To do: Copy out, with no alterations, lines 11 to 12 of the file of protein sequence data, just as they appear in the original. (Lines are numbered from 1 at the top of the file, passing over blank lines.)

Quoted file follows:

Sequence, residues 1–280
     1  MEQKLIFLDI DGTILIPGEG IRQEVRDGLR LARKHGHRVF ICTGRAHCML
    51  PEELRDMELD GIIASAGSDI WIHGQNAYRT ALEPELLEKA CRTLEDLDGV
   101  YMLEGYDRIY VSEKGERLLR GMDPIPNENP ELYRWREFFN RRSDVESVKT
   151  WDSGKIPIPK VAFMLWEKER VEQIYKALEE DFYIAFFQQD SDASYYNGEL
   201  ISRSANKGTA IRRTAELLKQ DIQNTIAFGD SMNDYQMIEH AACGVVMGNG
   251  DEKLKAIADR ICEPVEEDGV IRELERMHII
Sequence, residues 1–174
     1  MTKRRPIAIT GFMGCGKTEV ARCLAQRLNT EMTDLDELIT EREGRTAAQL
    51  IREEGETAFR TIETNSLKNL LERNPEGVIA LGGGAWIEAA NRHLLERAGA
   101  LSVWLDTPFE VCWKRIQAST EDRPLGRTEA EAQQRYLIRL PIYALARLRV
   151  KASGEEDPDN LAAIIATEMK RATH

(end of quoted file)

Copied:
   101  LSVWLDTPFE VCWKRIQAST EDRPLGRTEA EAQQRYLIRL PIYALARLRV
   151  KASGEEDPDN LAAIIATEMK RATH